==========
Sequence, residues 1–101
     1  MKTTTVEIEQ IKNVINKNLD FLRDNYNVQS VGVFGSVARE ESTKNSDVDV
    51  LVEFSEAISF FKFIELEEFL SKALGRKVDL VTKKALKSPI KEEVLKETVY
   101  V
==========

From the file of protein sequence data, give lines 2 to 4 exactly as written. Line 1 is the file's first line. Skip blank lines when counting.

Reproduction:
     1  MKTTTVEIEQ IKNVINKNLD FLRDNYNVQS VGVFGSVARE ESTKNSDVDV
    51  LVEFSEAISF FKFIELEEFL SKALGRKVDL VTKKALKSPI KEEVLKETVY
   101  V